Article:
Just over twenty years ago, the then Sir Patrick (now Lord) Cormack and I formed the Campaign for an Effective Second Chamber to press the case for reform within the House to strengthen it in fulfilling its functions. The House carries out well its role in legislative scrutiny, facilitated by its composition (collectively, no one party having a majority, and individually, with members who have notable experience and expertise) and its procedures (all amendments being considered, no programme motions, any peer able to contribute at committee stage, amendments taken at Third Reading). We also have procedures that the House of Commons does not for scrutinizing delegated legislation, at both the input stage (Delegated Powers Committee) and output stage (Secondary Legislation Scrutiny Committee). The House also has a valuable range of select committees. Nonetheless, we believe we could strengthen how we operate – a view widely held by members, and the House does undertake reviews leading to reform (we have just introduced a new select committee structure) – as well as address criticisms levelled at the House. There is little public understanding of what the House does and what views are held often derive from the activities of individual members – the same applies to the Commons – and what funding is provided. Some people appear more aware of the attendance allowance than of the collective work of the House and what it does to ensure that law is good law or at least less bad than it would be were it not for the work of the House. The Lords adds value to the political process. Those who claim it is a significant cost to the public purse fail to look at the other side of the ledger. How do you monetize improvements to the law of the nation?
As the Campaign for an Effective Second Chamber, we have campaigned to strengthen the House through a series of reforms. Our manifesto was in effect embodied in the House of Lords Bill, which I drafted shortly after the group was formed. The Bill had four main parts:
To put the House of Lords Appointments Commission on a statutory basis
To end the hereditary peers’ by-election
To remove members who committed to serious criminal offences
To enable peers to retire and to remove those who fail to attend
The Bill was introduced as a Private Member’s Bill in the name of Lord Steel of Aikwood (a senior peer, not associated with either main party) and we were successful in getting it debated on Second Reading in July 2007. You can read the debate here. Although widely supported, there was not time available to make progress and the provision to abolish the hereditary peers’ by-elections was opposed by a small number of hereditary peers. Since then, we have pursued the component elements of the Bill. In 2014, we were successful in getting the House of Lords Reform Bill – enabling peers to retire, removing those who fail to attend, and expelling those convicted of serious criminal offences – on to the statute book. One of our supporters in the Commons, Dan Byles, was successful in the ballot for Private Members’ Bills and introduced it; he was energetic in building support for it and ensuring Government acquiesced in its passage. The following session, one of our number, Baroness Hayman (who had been the first Lord Speaker) successfully steered the House of Lords (Expulsion and Suspension) Bill on to the statute book, extending the power of the House to suspend members and introducing the power to expel a member, a power (unlike the Commons) it did not have.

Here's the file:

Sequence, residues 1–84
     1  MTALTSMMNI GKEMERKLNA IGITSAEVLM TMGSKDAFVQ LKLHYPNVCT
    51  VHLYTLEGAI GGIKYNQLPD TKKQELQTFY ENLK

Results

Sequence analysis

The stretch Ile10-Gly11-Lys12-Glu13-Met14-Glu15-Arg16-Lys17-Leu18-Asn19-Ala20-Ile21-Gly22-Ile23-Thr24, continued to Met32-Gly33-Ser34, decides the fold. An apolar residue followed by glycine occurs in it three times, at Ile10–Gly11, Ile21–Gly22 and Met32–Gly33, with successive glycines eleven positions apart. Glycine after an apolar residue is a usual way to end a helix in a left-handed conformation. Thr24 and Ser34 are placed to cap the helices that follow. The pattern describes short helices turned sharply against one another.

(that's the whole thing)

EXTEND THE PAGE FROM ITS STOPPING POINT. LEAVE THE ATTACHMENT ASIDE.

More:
There is still unfinished business. We have campaigned to reduce the size of the House. Although more than 100 peers have made use of the provisions of the 2014 Act to retire, we are still too large. In 2016, we tabled a motion ‘that this House believes that its size should be reduced, and methods should be explored by which this could be achieved’. The motion was debated on 5 December and agreed without a division. In response, the Lord Speaker, Lord Fowler, established a committee under Lord Burns to recommend ways to reducing the size. Although the committee came up with proposals designed to get the numbers down – including a two out, one in provision – the Prime Minister has not shown the restraint necessary in creating new peers to help slim the size of the House.
Not unrelated, we continue to favour putting the House of Lords Appointments Commission on a statutory basis. To that end, I drafted a Bill to achieve that. I was unsuccessful in the ballot for Private Member’s Bills at the start of the session. I have, however, been able to introduce it as an unballoted Bill. It had its formal first reading last Wednesday. There is an outside chance that there may be time for a Second Reading debate before the end of the session – it is way down the queue in term of PMBs awaiting Second Readings. However, there is good news in that I have been successful in getting a Question for Short Debate (QSD), which will be taken during our September sitting, asking the Government what plans they have to put the Appointments Commission on a statutory basis. This will provide a platform to make the case for the Bill.
You can read the Bill here. It embodies the principles embraced by the Campaign and which are widely supported in the House. The leading lawyer and cross-bench peer, Lord Anderson of Ipswich, has tweeted that it can expect wide support in the House. There is still a long way to go. The barrier to achieving change is not the House of Lords, but rather Government. The minister in the Lords, Lord True, recently said in response to a question about reform of the Lords that the Government do not favour piecemeal reform. Well, I do and it is piecemeal reform, unlike grand schemes of reform, that has proved successful this century.